This weekend marked four weeks since the clutch was complete, the fourth egg having been laid on Saturday 26th March. That means that hatching is imminent, all being well.
A recent tweet on the Sheffield Peregrines Twitter feed (thanks to Paul L for pointing it out) had a link to a terrific Dutch website that monitors Peregrine nests and makes available a spreadsheet where you can see the locations, dates of laying and dates of hatching of over 150 Peregrine nests across Europe and North America, plus a few others. The details are taken from webcams, Facebook pages and blogs, and it makes for fascinating comparisons. The site can be viewed here .
What emerges from this spread of monitored nests, almost all of which are in the northern hemisphere, is striking consistency for the date of the first egg laid in different countries: from what I can make out, the earliest first egg this year was 27th February (Brussels cathedral), then 28th February (Munich), 29th February (Rome) and at least six pairs with a first egg laid on 1st March, including pairs in Osaka (Japan), Kentucky (US), Saarbrucken (Germany) and Amsterdam. By contrast, the first egg laid by any of the 12 pairs monitored in the UK – which includes the St George’s pair – was the Nottingham pair on 14th March. This makes the UK relatively late in comparison to Belgium, Germany, Italy and the Netherlands, though not Poland, which has a similar spread of dates. However, the first egg laid of the monitored pairs in Canada was 19th April, when 2 separate pairs laid their first eggs in Edmonton. What this all suggests – with reservations about the sample size and length of the survey period – is that laying dates are earlier further south (Rome, Osaka, Kentucky, south-west Germany) and later further north (English Midlands, Minnesota and Canada).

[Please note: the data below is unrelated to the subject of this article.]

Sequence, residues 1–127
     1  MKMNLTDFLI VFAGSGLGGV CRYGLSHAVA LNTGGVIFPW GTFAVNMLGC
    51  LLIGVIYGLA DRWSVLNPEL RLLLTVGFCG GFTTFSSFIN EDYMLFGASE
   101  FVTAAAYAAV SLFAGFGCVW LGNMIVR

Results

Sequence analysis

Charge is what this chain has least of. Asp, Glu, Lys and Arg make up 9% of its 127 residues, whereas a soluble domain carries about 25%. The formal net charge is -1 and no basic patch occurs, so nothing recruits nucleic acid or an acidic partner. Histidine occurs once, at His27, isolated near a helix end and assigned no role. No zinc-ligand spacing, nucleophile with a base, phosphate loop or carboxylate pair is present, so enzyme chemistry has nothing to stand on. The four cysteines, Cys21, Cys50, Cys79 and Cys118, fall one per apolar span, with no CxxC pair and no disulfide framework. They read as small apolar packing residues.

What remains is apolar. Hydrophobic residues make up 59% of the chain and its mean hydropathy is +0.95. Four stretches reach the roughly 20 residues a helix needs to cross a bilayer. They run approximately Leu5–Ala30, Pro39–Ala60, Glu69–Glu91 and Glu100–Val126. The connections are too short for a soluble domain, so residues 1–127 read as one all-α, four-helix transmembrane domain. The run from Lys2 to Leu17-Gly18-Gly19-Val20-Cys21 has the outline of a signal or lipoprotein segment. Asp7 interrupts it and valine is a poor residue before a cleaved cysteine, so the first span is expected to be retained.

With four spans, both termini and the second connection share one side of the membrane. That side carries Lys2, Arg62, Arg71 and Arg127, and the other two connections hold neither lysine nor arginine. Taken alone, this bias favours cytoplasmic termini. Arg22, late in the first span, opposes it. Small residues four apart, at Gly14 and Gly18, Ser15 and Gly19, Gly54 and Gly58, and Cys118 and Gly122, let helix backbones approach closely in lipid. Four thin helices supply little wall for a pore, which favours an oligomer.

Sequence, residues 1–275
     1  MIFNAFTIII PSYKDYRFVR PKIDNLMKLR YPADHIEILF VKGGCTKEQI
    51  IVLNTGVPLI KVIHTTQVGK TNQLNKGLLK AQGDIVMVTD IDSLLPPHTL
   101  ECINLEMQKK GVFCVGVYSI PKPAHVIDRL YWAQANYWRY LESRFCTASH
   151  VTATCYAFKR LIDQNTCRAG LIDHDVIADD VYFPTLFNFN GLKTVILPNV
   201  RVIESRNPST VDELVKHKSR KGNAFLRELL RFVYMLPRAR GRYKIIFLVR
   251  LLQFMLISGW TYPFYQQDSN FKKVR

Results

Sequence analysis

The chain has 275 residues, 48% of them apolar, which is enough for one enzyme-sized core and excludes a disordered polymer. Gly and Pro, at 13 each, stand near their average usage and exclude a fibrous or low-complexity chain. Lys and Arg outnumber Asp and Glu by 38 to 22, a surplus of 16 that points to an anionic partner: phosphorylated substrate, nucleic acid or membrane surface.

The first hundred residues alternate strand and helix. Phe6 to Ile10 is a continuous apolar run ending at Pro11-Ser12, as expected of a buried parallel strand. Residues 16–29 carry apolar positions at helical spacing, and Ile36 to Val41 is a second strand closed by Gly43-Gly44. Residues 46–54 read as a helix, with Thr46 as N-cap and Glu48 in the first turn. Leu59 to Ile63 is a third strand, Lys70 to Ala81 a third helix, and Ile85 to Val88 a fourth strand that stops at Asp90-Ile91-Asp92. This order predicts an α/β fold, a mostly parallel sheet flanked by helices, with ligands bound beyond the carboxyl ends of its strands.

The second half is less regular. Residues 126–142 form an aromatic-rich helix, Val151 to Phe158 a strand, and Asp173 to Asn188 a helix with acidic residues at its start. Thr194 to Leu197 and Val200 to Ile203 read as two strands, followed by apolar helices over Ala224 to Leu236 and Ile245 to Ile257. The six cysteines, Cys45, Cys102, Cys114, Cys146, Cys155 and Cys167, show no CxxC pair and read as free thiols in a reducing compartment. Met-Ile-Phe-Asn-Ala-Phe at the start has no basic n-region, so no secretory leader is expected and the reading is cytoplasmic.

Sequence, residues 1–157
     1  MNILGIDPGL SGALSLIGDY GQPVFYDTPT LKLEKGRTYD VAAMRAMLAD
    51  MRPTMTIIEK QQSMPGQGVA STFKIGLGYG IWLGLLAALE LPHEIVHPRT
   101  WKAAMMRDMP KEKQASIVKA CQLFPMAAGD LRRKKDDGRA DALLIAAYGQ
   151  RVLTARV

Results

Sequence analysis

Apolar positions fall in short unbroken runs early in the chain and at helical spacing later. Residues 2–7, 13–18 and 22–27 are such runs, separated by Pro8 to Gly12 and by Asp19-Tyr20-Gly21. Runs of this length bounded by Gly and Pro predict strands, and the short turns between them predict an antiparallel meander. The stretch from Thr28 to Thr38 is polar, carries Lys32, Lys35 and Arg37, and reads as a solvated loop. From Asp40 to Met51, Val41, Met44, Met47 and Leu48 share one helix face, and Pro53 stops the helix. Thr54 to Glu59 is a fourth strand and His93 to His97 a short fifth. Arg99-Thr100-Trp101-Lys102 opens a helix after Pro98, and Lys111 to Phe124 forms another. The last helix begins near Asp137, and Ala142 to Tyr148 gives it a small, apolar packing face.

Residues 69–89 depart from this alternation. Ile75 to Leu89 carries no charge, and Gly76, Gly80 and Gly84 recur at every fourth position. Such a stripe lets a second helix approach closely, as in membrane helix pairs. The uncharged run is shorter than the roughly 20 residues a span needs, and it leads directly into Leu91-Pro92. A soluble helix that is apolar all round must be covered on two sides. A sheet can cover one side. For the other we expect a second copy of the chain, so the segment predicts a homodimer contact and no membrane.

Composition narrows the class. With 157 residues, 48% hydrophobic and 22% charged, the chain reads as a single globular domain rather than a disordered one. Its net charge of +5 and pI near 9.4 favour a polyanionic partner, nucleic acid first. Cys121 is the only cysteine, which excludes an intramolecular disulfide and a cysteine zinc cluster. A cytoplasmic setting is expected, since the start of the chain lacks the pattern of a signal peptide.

This screengrab of the Sheffield nest from 15th April – when all of the early laying pairs had already hatched their broods and the Sheffield pair was sitting tight under sleet – may indicate why that would be, and it seems obvious I suppose: the further north you go, the greater the chance of freezing temperatures at night, or even by day. The forecast for Edmonton gives a low of just 1 degree celsius tonight and last night in Sheffield saw a light snowfall…
The other feature that can be appreciated from the Dutch spreadsheet is the number of eggs per brood, though for a few it’s not immediately apparent what particular colours mean. Of the 150 pairs I’m fairly confident I understand, 22 pairs have 3 eggs (though some of these may be lost or second clutches?), 109 have 4 eggs and 13 pairs have 5 eggs. The average clutch size then is very close to 4, a marked improvement on the 3.65 cited by Ratcliffe’s 1980 study on the basis of 419 clutches in the UK. The 9% of pairs with 5 eggs also compares favourably with the 2% described by Ratcliffe. One explanation could be that Peregrines are now having better breeding success in terms of eggs laid that in the period prior to 1980 that served as the basis for Ratcliffe’s study, which would tally with the recovery from the effects of DDT that had led to the species’ dying out in many areas. Once again, however, there need to be reservations about the representativeness of the sample.
A final detail to be gleaned is that of the monitored clutches that have hatched to date in 2016 there is a range of 28-34 days between the laying of the last egg and the first hatching, with most coming 29-31 days after the clutch is complete. As estimated when the St George’s pair completed their clutch four weeks ago, we can expect hatching to begin between 26th and 28th April, so in 2-4 days’ time. Keep those eyes peeled!
I made a couple of visits this weekend, but again found the non-incubating bird generally perched up somewhere not too far away and not very active, except when a Crow ventured too close and was dive-bombed. A couple of dashing fly-bys allowed for a few shots…
The female overhead (above)
The male circling round to land on the church turrets and (below) keeping a watchful eye
And a final snippet to end with, another of those things I’d never really thought about until reading Tim Birkhead’s book: the St George’s chicks are breathing inside the eggs. How do they do this? Air clearly passes through the shell, but water can’t and the shell also provides a highly effective barrier against microbial infection. A fantastic design that is about to demonstrate another of its key features: hard enough not to be damaged by an adult sitting/ stepping on it or pulling it in under its body with its bill, but soft enough to enable the chick to peck through it and emerge. If you keep the volume turned up on the webcam, you just might hear the chicks peeping before they break through, though you’ll be very lucky if you do! Be that as it may, the next few days should prove exciting.